A 10μW Hybrid OTA with Bulk-Biasing Driving 20nF Capacitive Load with 115 dB DC-gain and 1.68MHz GBW

DOI : 10.17577/IJERTV5IS100372

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A 10W Hybrid OTA with Bulk-Biasing Driving 20nF Capacitive Load with 115 dB DC-gain and 1.68MHz GBW

M.Manasa P.Prasad Rao

    1. ech Scholar,

      Department of ECE

      HOD, Department of ECE

      Vaagdevi Engineering College (JNTUH) Vaagdevi Engineering College (JNTUH) Warangal,Bollikunta-506005 Warangal,Bollikunta506005

      AbstractFor better area and power efficient, single stage amplifiers are a better replacement of their multi-stage cmplifies ounterparts, particularly for display applications that imply massive buffer amplifier in their column drivers. This paper employs a signal-current enhancer technique for a single- stage amplifier to achieve significant enhancement of DC gain, gain-bandwidth product (GBW) and slew-rate. Ana bulk- biasing technique employed to minimize the internal node capacitances and area of OTA. Analytical treatments of the signal-current enhancer technique in terms of performance limits and robustness reveals that hybrid OTA can suppress the fundamental power-efficiency limit set by the basic differential- pair amplifier. The proposed hybrid OTA is implemented in a standard PTM 65 nm CMOS technology. Working under a 0.5V supply and proven by simulation results, the resultant OTA when driving an output capacitor of 20nF attained 115 dB DC gain, a GBW of 1.68 MHz and an Slewrate of 0.15 V/µs, consuming only 10µw of current and requiring no compensation capacitor.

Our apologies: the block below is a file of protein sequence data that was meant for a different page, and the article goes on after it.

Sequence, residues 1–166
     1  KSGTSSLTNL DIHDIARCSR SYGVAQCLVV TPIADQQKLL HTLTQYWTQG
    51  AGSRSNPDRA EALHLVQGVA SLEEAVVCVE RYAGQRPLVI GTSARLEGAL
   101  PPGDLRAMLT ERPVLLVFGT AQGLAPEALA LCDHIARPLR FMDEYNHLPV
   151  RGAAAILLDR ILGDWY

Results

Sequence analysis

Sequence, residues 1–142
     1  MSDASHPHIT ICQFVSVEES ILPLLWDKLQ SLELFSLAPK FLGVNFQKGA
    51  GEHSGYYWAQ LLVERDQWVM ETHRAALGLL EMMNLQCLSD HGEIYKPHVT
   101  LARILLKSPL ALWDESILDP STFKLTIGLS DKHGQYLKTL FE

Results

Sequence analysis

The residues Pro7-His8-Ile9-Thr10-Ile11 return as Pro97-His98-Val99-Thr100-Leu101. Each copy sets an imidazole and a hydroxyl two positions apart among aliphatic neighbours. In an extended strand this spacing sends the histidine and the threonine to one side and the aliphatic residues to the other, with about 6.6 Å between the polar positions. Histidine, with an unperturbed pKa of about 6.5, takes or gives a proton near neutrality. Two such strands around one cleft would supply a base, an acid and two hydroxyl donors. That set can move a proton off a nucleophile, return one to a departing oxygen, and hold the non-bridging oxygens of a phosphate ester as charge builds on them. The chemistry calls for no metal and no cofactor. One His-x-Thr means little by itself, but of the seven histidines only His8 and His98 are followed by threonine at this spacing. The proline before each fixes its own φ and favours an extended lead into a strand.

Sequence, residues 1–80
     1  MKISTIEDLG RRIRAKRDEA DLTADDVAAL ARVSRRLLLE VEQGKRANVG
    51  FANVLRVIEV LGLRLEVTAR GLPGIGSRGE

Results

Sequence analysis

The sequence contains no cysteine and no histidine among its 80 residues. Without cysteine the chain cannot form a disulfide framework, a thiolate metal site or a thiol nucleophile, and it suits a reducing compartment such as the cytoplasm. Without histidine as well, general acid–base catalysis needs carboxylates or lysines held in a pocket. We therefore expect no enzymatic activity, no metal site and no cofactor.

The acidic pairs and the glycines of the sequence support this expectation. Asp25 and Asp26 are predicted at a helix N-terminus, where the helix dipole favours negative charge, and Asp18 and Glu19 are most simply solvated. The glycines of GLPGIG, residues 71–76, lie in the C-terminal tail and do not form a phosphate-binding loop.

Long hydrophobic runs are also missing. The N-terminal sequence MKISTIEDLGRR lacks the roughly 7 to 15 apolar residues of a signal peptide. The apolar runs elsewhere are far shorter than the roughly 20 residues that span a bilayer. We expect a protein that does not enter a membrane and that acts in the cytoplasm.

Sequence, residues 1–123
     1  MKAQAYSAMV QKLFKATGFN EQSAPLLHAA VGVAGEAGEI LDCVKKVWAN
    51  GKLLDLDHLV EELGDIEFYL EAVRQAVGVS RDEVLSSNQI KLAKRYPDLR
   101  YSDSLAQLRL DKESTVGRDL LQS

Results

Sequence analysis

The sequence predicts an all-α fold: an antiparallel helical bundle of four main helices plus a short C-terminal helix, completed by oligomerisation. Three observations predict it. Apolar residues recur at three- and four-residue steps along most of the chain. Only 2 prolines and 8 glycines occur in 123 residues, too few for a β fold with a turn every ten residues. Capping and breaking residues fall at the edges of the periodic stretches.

KeywordsAmplifier, frequency response, large capacitive loads, transient response, signal- current enhancement .


        For many modern applications require high-gain and fast- settling operational transconductance amplifiers (OTAs) driving off-chip loads in the order of hundreds (or even thousands) pico farads, such as high accuracy modulators, analog-to-digital converters, low-dropout regulators, headphone drivers and display applications like wide- dimension low-temperature polysilicon (LTPS) LCD panels

        [1] that involve thousands of buffer amplifiers in their column drivers, the area and power budgets of each buffer amplifier are extremely tight to meet the market pressure on cost and display quality [1]. The buffer amplifiers should drive a wide range of capacitive load (CL) up to tens of nano-farad (nF), while securing adequately large DC and output swing. Battery-operated portable systems integrate most of these blocks and, in addition, they work under tight power and area budgets.

        In this context the design of high-gain OTAs driving heavy capacitive loads is a challenging task, especially when nanometers technologies are adopted, as they suffer from a drastic reduction of the intrinsic gain that can be only partially mitigated by the adoption of non-minimum channel length transistors. In principle, stacked-device (i.e., cascode) topologies provide high DC gains but they reduce the output